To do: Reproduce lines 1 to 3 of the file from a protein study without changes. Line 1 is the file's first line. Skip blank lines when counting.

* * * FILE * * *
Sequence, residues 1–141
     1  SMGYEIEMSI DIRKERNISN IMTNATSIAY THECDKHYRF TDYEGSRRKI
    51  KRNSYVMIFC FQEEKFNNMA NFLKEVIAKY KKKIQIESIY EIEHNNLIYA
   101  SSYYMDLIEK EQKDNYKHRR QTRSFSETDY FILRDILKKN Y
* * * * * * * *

Sequence, residues 1–141
     1  SMGYEIEMSI DIRKERNISN IMTNATSIAY THECDKHYRF TDYEGSRRKI
    51  KRNSYVMIFC FQEEKFNNMA NFLKEVIAKY KKKIQIESIY EIEHNNLIYA